The Alamo

The Alamo (1960)
MGM Home Entertainment
Cast: John Wayne, Richard Widmark, Laurence Harvey, Richard Boone, Linda Cristal
Extras: Documentary, Theatrical Trailer

Even by today’s cynical standards, no one could compete with the star power of John Wayne. He truly was bigger than life. He was "the Duke." ("Repo Man" notwithstanding; those who’ve seen it will get the joke.) He stood out effortlessly among giants and when he decided to step behind the camera, his choice of subject was equally gargantuan. Just as Orson Wells grappled with William Randolph Hearst to forge "Citizen Kane, " John Wayne wrestled with another American icon for his directorial debut. An epic retelling of a sad but heroic chapter in American history, 1960’s "The Alamo" cost $12 million (back when steak dinners averaged a buck) and a decade-long effort on Mr. Wayne’s part to get it made. MGM Home Entertainment’s new DVD release now breathes new life into the forty-year-old film with a first-rate transfer, a remastered soundtrack and a smattering of extras.

Everyone should know the story of the Alamo and its tragic last days in 1836 when a ragtag army of 185 frontiersmen tried to hold the small adobe mission against the advance of 7,000 seasoned soldiers. At parts a history lesson, a paean to American heroism and a tribute to the vistas of director John Ford, "The Alamo" balances the interpersonal stories of not only historical figures but the everyday people who find themselves caught in the whirlwind of rebellion. The impressive cast, including Richard Widmark as Jim Bowie, Laurence Harvey as Col. William Travis and the Duke himself as Davy Crockett, serves James Edward Grant’s screenplay commendably, even during the soapbox speeches about liberty and honor.

Wayne as a director almost achieves the poetry of American myth that Ford could accomplish in his sleep. Scenes like the frontiersmen saying their final goodbye to their families or the men talking about religion the night before a big battle wrench with a quiet intensity. (In a truly observant moment, the embattled freedom fighters even praise their adversaries.) The film falters with an erratically paced first half and a failed romantic sub-plot involving Crockett and a lonely widow (Linda Cristal).

In its premiere engagement, the film ran 192 minutes. For the roadshow version, 30 minutes of footage was excised. While I am not familiar with the longer "director’s cut," MGM Home Entertainment released it on laserdisc a few years ago. From what I read in reviews, the longer version fleshes out the character aspects more compellingly, strengthening the pathos of their valiant mission. For whatever reasons, MGM Home Entertainment opted to preserve the 162-minute cut on DVD. As this may be the only representation of the title in the format, an opportunity to return the film intact to a mass audience may have been missed here.

"The Alamo" was filmed in 65mm Todd-AO, a process that produced ultra-sharp, finely detailed images. The 2.20 <$16x9,anamorphic> video transfer just glistens, faithfully replicating the depth of field and color that wide-gauge filmmaking was justifiably famous for. Deep black levels bring out the saturated colors with no break-up or smearing. (65mm filming required substantially greater lighting than standard 35mm photography. That’s why "The Alamo’s" nighttime scenes convey the same brilliant color rendition as the daytime scenes and exhibit no film grain.) Fleshtones are on the brownish side. Other than a few instances of speckling, the source is surprisingly clean and intact. Edge enhancement occasionally appears and some aliasing is present during the opening credits (due to the lithograph nature of the background artwork). Despite challenges like the intricate long shots containing hundreds of extras or complex color patterns in the sunsets, there are no digital or compression artifacts.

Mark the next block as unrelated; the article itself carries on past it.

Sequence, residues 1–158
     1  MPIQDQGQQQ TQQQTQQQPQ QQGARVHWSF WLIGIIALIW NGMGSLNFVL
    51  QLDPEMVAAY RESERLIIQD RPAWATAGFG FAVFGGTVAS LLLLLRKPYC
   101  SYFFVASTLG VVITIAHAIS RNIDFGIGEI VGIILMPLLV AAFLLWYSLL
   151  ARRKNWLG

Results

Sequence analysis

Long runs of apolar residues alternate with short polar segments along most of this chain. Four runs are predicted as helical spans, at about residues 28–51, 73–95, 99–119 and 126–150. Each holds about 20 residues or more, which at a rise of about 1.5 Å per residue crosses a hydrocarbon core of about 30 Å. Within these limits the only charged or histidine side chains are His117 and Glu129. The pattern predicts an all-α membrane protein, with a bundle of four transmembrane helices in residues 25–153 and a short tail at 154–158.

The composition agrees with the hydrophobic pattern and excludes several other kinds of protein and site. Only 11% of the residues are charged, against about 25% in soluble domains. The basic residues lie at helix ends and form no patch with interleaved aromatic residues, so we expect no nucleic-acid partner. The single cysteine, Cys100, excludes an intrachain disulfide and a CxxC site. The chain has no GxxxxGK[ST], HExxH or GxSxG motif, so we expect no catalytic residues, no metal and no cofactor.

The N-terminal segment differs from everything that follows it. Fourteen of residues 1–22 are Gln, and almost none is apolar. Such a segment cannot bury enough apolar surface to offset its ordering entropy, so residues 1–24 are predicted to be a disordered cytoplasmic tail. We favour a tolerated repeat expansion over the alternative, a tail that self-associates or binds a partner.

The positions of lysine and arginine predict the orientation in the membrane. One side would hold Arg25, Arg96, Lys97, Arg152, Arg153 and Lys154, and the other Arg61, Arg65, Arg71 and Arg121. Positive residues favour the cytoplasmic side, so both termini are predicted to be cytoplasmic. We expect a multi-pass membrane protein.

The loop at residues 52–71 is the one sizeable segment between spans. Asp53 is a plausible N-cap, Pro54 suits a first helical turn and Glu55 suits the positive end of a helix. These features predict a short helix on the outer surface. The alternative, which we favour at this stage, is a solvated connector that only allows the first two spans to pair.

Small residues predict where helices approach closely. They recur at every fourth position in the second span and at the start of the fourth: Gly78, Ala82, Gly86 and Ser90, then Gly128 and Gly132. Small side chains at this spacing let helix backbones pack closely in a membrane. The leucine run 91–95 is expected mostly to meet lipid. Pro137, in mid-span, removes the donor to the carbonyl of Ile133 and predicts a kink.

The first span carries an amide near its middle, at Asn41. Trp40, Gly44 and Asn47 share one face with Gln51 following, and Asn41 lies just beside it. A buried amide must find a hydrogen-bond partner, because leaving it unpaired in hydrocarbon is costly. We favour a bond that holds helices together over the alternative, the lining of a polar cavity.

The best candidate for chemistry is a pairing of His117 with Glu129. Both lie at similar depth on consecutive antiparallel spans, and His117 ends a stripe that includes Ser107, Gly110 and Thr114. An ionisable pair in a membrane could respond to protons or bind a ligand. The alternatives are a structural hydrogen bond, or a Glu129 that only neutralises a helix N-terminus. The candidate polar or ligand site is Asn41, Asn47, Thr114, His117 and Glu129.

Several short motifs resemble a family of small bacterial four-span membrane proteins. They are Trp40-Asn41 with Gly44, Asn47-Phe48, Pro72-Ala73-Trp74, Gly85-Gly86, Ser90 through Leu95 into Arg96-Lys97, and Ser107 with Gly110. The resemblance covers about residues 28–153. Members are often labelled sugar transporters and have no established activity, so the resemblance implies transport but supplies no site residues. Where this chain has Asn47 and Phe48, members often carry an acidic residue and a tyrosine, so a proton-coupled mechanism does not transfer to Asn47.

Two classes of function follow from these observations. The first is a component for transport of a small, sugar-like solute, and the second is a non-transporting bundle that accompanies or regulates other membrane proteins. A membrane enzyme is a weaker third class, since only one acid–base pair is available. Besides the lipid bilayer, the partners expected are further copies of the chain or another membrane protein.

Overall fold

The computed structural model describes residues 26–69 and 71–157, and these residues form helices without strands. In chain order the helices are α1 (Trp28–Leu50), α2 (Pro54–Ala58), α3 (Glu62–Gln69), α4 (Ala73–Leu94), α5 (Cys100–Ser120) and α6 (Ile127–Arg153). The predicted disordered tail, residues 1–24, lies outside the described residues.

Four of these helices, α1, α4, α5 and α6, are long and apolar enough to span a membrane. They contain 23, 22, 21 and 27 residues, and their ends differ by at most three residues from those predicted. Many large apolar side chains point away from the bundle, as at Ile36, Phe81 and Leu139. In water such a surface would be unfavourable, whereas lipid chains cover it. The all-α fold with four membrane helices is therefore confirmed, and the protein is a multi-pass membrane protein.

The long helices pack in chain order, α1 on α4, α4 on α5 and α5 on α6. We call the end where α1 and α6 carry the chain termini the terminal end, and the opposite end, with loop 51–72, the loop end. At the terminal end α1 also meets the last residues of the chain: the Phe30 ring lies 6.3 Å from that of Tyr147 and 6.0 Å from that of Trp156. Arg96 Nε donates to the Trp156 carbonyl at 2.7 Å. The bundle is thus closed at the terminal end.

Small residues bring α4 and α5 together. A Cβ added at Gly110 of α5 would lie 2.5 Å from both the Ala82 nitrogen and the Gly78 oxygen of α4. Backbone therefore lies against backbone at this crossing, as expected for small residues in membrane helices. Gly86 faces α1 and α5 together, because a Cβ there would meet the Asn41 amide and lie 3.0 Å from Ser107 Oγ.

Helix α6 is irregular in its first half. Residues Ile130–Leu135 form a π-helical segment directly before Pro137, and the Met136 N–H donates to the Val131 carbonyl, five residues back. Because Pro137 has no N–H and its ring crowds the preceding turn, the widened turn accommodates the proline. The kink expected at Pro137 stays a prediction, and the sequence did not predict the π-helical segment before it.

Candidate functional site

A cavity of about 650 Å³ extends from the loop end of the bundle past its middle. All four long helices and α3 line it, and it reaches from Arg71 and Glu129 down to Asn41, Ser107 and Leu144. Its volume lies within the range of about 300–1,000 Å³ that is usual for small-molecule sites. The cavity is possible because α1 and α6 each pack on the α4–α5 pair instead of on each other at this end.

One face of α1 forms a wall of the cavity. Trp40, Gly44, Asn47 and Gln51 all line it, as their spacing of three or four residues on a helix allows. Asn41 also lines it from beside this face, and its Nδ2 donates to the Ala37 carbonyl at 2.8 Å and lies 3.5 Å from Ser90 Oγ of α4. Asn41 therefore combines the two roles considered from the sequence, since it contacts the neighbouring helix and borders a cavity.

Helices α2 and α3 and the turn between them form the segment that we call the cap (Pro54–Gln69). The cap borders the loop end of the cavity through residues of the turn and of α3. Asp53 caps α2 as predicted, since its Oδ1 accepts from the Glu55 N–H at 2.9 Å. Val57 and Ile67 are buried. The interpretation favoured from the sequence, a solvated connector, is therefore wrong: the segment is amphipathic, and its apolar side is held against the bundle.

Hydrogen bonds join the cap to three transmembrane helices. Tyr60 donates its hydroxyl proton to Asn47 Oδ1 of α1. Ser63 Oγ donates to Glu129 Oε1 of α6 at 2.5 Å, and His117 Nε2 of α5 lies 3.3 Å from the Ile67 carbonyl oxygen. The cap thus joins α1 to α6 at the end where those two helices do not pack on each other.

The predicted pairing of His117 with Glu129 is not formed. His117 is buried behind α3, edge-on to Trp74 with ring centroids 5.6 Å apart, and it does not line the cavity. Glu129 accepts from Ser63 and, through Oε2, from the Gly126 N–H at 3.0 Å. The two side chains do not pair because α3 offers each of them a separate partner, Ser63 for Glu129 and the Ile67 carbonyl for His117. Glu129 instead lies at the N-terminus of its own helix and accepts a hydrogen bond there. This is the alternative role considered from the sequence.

The <$DD,Dolby Digital> <$5.1,5.1 channel> soundtrack encompasses wide dynamic range, resulting in playback almost completely free of any distortion or peaks during the louder passages. Dialogue sounds natural, not at all tinny or sibilant. (While there is some attempt to replicate the "directional dialogue" prevalent of sound mixes in the ’50s and ’60s, the dialogue is firmly anchored in the center channel.) The surrounds infrequently kick in for the errant sound effect (i.e. wagons rolling over the camera POV); otherwise, the rear channels engage primarily to energize Dimitri Tiomkin’s evocative music score. Though the audio decodes as <$5.1,5.1 channel>s, the LFE is silent. A French surround track and a Spanish mono track constitute additional language options.

A forty-minute documentary providing a contemporary perspective on the making of the film and its historical inspirations is included. "John Wayne’s ’The Alamo’" mixes behind-the-scene footage, background footnotes and video interviews with cast and crewmembers for a slow but amiable look at how the film was made. The documentary even gives some juicy tidbits about how John Ford visited the set frequently to "offer guidance," frustrating Wayne to the point where he sent off Ford with a crew to shoot footage that was never intended to be used.

An original theatrical trailer accompanies the documentary. The trailer is in decent shape and presented in <$PS,widescreen>. Unfortunately, the audio distorts consistently, not at all up to par with the feature presentation.

Residing between Hollywood hokum, hero worship and involving drama, "The Alamo" never really ascends to its intended heights. We may never see the whole of John Wayne’s "The Alamo" on DVD, but the two hours and forty-two minutes we now have makes for a stirring and tantalizing primer.